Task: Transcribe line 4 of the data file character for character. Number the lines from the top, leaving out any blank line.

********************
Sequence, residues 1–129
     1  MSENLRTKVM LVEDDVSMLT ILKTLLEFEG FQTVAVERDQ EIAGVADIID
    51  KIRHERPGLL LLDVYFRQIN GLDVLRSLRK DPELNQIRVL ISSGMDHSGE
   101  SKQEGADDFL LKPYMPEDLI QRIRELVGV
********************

   101  SKQEGADDFL LKPYMPEDLI QRIRELVGV